The blessed person, who, in context, seems to ascend to a state of awe… is then told:
- to not hold back their coat when their cloak is taken (6:29)
- to give to everyone who asks (6:30)
- to not demand back what has been taken up/elevated (6:30)
- to not lend only to those who can be expected give something, because even sinners lend to their compatriots in hope of getting as much in return (6:34)
- to love, show kindness, and lend to their enemies never expecting anything in return (6:35)
To me, Jesus’ words here appear similar to how Rabbi Fohrman understands the ‘olah.
I think it sums to this: if we bring ourselves to be in an awe-inspired relationship with God, we are invited to treat all of humanity the same way. This can sound like idolatry, but it’s not. It’s trust. Isn’t that what awe-ness really comes to… do we trust that God is as big as He says He is? That God, in fact, did create the universe in some fashion? If yes, then we can symbolically offer Him something without expecting anything in return. Likewise, we can offer our things to anyone who asks (even our enemies) without expectation of something in return.
Awe inspires freedom!
Section Three (missing the mark):
In response to inadvertent, or unintentional sin the Text details specific actions for specific people. One of those specific people… the nasiy’, or leader.
It’s worth asking… how do our leaders respond to transgressing God’s boundaries?
Rabbi David Fohrman gives an example:
Well when the President does it, that means that it is not illegal.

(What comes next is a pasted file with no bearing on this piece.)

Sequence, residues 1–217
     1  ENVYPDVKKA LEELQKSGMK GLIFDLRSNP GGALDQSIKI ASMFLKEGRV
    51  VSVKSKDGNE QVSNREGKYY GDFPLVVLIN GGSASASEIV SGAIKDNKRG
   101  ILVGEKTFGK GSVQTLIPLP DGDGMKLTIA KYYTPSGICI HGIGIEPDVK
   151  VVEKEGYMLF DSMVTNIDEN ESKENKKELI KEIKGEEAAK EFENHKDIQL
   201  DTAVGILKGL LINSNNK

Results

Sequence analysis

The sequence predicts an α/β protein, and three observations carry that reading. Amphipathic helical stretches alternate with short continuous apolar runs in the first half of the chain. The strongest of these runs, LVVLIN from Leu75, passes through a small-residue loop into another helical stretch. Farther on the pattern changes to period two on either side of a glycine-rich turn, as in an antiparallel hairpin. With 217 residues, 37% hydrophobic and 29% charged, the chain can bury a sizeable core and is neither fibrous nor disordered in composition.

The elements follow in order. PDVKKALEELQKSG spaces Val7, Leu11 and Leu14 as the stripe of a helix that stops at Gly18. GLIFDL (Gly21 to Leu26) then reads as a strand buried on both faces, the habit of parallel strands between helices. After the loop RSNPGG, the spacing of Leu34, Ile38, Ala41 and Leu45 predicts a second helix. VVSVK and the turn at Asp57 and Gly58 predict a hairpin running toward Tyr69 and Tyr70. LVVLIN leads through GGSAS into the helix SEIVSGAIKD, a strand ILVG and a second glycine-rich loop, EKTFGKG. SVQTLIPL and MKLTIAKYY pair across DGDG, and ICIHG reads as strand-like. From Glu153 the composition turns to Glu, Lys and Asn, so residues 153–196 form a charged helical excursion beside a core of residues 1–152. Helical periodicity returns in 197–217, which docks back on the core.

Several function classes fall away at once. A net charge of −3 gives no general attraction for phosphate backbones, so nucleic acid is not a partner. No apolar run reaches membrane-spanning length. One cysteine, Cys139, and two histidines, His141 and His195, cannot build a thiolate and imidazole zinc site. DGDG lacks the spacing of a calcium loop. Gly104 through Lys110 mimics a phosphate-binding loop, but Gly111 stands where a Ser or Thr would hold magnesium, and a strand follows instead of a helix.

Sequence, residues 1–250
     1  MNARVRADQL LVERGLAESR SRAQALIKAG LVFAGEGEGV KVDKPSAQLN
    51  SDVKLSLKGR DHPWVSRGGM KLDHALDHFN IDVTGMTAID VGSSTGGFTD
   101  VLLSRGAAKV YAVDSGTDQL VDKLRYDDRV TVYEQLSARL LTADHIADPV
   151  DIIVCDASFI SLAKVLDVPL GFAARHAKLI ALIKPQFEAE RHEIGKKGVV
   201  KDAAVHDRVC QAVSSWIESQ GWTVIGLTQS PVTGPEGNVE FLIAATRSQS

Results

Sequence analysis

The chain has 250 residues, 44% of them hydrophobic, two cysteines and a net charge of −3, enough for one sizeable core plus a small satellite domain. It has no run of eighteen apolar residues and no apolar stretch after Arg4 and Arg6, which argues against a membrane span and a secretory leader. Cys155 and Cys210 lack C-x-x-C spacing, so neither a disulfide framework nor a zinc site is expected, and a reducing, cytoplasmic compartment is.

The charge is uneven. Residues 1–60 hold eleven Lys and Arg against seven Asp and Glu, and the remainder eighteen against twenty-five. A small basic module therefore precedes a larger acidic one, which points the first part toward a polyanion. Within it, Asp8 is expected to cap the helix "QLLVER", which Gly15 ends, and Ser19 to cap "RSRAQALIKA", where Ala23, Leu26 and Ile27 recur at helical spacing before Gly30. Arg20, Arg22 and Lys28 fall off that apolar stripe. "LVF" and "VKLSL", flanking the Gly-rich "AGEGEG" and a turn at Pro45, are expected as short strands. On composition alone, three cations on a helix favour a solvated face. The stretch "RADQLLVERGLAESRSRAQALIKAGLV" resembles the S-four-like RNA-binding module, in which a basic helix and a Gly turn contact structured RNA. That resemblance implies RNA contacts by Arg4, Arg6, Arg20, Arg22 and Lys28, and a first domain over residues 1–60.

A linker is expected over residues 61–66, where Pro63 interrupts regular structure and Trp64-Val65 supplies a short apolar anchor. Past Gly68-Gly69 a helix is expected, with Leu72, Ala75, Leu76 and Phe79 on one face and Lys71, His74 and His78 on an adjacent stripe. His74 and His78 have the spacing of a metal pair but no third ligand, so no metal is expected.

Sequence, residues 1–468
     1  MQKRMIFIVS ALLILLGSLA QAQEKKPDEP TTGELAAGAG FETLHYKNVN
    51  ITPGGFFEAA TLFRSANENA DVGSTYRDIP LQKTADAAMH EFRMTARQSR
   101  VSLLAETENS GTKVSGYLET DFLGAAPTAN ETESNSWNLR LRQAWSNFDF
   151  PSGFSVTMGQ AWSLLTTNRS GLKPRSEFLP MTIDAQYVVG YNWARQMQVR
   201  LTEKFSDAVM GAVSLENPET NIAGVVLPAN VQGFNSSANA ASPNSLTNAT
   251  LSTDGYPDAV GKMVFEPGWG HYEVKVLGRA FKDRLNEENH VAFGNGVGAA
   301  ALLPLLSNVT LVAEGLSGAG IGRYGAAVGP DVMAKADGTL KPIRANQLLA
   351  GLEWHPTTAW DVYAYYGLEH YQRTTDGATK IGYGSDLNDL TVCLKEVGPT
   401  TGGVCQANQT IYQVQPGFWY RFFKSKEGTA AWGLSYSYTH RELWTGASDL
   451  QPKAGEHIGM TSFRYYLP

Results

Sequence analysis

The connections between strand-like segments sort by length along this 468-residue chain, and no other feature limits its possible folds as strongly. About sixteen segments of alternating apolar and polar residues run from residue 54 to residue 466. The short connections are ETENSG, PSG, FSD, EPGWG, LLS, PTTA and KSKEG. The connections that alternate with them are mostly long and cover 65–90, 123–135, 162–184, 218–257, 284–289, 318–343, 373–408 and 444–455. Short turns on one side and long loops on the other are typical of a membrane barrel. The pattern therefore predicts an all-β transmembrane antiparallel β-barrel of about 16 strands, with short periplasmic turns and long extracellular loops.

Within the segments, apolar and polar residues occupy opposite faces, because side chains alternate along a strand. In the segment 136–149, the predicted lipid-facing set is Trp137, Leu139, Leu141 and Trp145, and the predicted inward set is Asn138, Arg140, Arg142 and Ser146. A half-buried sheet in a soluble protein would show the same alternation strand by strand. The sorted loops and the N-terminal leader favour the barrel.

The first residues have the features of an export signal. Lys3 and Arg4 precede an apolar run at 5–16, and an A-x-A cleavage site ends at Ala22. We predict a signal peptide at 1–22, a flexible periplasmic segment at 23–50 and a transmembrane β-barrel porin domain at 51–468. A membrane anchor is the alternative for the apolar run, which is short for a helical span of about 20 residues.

-Richard Nixon, in an interview with David Frost
Apparently, one response is to redefine it and rationalize the action.
Rashi comments on our Text (Leviticus 4:22) inviting better leadership. He says,
Fortunate is the generation whose leader [does not hold himself too high, but rather,] gives attention to bringing an atonement offering for his unintentional sins and how much more will he experience remorse for the sins he has committed willfully!
-Rashi [Torath Kohanim 4:257]
Unfortunate is the congregation whose leadership redefines, rationalizes, and covers up their lack of respect.
Section Four (real-world applications):
…. we can take care of the poor because we respect God.
…. we can take care of the hungry because we love God.
…. we can love our enemies because we are in awe of God.
Next Week’s Readings: Leviticus 6:8-8:36; Luke 7:1-10
Rabbi Ami Silver unpacks why the heck all this blood is needed in Where Is The Soul?
- I think Rabbi Fohrman’s theory on the three levels of relationship restoration is important to think about. One reason, not only can this inspire followers to think about their relationship with God in a more holistic way… I think it may even help the Church as whole restore itself. Experience tells me different denominations approach and relate to God differently. I appreciate how the Catholic church tries to keep the reverence of God intact. This is akin to the awe relationship Fohrman lays out. However, in guarding reverence I’ve witnessed a difficulty in relating to God like a loving friend. On the flip side, less liturgical communities of faith I’ve been engaged with have the friendship well underway, but seem hesitant to embrace the awe and reverence approach. Per Forhman, and I think we can agree, God wants respect, love, and reverence to be maintained in our relationship to Him.
- “The mitzvoth is not a game show. It’s not a challenge to be accepted and completed. It was God’s directive of how to live. So, in order for us to understand what’s being said, we’ll need to understand the rabbinic language.” – From Abolish/Fulfill post on Covered in His Dust. Go directly to the post linked for more thorough unpacking of Jesus’ words on abolish and fulfill.